22/01/2017

is Yitang Zhang an intellectual?


Yitang Zhang in conversation


An intellectual is a person who engages in critical thinking... about the reality of society, and proposes solutions for the normative problems of society, and thus gains authority as a public intellectual. Coming from the world of culture... the intellectual participates in politics, either to defend a concrete proposition or to denounce an injustice, usually by producing or by extending an ideology...
- wiki

Yitang Zhang achieved great progress on one of the outstanding problems in number theory, the twin primes conjecture. But he doesn't hype his work, hasn't set himself up as a celebrity, and I imagine it is impossible to get a political statement out of him.

Remarkably, our primary usage of the noun "intellectual" wouldn't include Zhang. It is something like:
  1. intellectual: A brainy outspoken celeb. A famous person who broadcasts their opinions on serious social matters. (Particularly if they're involved in the public speaking circuit, particularly if they speculate about politics.)

This is pure Two Cultures bullshit: a mental land grab by arts people. (They pulled off a similar annexation of the idea of creativity, around the late C19th.) All scientists are knowledge workers.

Scholars (especially scientists or mathematicians) who don't debate in public and don't mouth off about, say, elections or creationists on Twitter are excluded from this sense. As if said mouthing off was a more creditable act of intellect than proving the deep connectedness of the Monster group and modular functions. It is no deficiency of Zhang that 1) the discourse can't follow number theory and 2) that he is a comically and beautifully diffident man.

Let's see when "intellectual" came in as a proper noun: Doesn't tell us much. We can get some evidence for the arts colonisation of the term as follows: Some wider senses:
  1. intellectual: Any scholar. Anyone whose labour is mostly intellectual.
  2. intellectual: Anyone whose interests include researching and forming reasoned positions on classically academic things.
  3. intellectual: Anyone whose interests include researching and forming reasoned positions.


So usage (1) covers a really tiny fraction of intellectually active people. This is maybe because "intellectual" (1) is a contraction of "public intellectual" - which is maybe derived from the Leninist concept of a vanguard intelligentsia: basically just propagandists, whose role was to steer the educated public. (So the hypothesis is: social commentary was the raison d'etre of the Marxist intelligentsia, and so their descendents and the descendents of their opponents have inherited this distorted and limited idea of intellectuality.)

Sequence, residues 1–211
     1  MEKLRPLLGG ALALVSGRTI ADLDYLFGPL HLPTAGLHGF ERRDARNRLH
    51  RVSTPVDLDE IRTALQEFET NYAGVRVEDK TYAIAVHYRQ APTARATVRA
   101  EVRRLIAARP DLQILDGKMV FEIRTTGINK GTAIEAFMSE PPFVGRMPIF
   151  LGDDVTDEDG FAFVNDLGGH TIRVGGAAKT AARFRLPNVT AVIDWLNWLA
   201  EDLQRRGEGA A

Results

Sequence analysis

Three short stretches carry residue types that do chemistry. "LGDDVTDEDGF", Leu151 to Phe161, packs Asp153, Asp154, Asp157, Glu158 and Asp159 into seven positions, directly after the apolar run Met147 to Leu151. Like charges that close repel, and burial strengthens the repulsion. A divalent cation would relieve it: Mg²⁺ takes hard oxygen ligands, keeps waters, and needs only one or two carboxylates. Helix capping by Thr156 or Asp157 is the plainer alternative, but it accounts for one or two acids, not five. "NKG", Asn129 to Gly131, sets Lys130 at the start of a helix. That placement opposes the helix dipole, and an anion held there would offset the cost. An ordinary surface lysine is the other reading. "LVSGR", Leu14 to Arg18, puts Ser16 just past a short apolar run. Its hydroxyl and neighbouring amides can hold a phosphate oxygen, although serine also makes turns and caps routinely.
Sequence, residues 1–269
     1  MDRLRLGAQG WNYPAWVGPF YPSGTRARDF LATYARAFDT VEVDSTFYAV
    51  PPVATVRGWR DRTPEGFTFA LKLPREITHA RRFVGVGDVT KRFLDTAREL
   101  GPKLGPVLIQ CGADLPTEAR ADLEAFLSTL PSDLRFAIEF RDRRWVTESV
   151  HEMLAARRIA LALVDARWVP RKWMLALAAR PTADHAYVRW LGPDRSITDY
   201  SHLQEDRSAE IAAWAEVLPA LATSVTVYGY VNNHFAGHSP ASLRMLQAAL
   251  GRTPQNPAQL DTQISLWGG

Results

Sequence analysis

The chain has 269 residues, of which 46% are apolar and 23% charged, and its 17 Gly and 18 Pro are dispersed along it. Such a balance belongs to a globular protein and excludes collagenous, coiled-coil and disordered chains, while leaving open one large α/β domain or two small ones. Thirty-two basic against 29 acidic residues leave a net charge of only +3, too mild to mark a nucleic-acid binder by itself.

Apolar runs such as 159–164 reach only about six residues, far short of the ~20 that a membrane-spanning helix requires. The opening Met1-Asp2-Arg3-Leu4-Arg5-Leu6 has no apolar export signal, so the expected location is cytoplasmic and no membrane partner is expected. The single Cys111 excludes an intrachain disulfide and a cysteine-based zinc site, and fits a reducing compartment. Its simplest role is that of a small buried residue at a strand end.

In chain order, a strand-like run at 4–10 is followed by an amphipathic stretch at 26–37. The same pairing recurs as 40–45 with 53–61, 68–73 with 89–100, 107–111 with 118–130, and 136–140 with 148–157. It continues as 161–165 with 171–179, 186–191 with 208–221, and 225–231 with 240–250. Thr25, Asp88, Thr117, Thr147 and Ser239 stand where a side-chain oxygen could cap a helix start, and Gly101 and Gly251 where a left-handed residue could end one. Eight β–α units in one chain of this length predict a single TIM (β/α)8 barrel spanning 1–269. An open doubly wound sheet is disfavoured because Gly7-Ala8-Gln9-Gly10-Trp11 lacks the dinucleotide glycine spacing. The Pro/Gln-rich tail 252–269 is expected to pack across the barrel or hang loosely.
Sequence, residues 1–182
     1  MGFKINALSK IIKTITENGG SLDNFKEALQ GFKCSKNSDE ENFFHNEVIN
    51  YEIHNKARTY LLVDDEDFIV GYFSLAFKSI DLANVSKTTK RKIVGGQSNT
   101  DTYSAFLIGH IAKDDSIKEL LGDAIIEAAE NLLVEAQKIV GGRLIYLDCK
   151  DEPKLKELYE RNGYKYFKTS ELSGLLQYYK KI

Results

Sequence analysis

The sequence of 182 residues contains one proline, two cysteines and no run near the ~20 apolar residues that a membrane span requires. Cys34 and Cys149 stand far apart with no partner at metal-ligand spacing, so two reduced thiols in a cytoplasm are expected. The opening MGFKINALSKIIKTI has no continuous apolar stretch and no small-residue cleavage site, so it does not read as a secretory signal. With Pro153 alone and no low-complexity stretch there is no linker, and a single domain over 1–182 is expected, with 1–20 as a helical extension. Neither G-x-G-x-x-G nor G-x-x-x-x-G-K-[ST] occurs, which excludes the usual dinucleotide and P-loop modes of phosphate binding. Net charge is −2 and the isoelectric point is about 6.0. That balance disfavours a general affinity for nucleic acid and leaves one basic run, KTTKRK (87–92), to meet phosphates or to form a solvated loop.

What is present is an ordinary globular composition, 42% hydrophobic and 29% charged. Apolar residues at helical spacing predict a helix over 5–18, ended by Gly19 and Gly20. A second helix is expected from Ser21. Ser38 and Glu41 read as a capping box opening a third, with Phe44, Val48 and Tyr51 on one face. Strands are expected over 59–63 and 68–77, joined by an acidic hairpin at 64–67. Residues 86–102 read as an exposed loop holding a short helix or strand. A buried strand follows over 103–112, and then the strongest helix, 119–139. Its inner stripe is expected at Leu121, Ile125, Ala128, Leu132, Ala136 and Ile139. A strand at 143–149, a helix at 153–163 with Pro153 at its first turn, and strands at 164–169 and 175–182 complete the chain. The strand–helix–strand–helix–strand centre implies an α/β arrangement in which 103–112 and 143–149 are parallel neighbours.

I'm not insisting that usage (4) is best just because it's biggest. Consider the little essays at the start of mainline TVTropes pages (e.g. these brief histories of Western animation): they definitely are research and definitely. "Hobbyist" or "fan" can probably pick up some of this group, if we are to leave "intellectual" with its high status.

(Dissemination does seems important: a full-blown intellectual should publish, and engage with incompatible views.)

21/01/2017

doing a bit


"Yeah, the wedding was last week."
"Oh! Congratulations."
"Job's just begun."


"If the backlash against fake news succeeds, I wonder if we'll see the sites aiming for partial credibility, say mixing in two truths for each lie?"
"We have those already, they're called newspapers."



"Your identity has been stolen."
"Amazing! You mean there's another one of me running around?"
"No: stolen. You are not you."



"I'm going to read philosophy."
"Oh, my first degree was in philosophy."
"Where did you go?"
"Aberdeen."
"Why did you pick
there?"
"The honest answer is, Because they gave me money to, and I felt guilty about leaving my mother on her own. The answer you want to hear is, Have you heard of the Northern Institute it briefly did cutting-edge work in maths and language I also really like Luca Moretti, Steve Bruce and Bill Naphy. At any rate, your question reflects an unworthy fixation on status, when the only distinctive value of university philosophy is that its uncommercialisability lets you transcend gross social pressures in favour of substance: nobody cares enough to exploit or degrade it. Try 'So where do you stand on [Question]?' if you ever want to not be a prig."



"So, after all, James will be the software architect for this project."
"How senior is he?"
"Do you mean, how good is he?"
"No, I mean: 'am I being insulted with non-prestigious staff?'"



"Our guide is, simply, ordinary experience —"
"— suitably formalized, of course."
"Of course."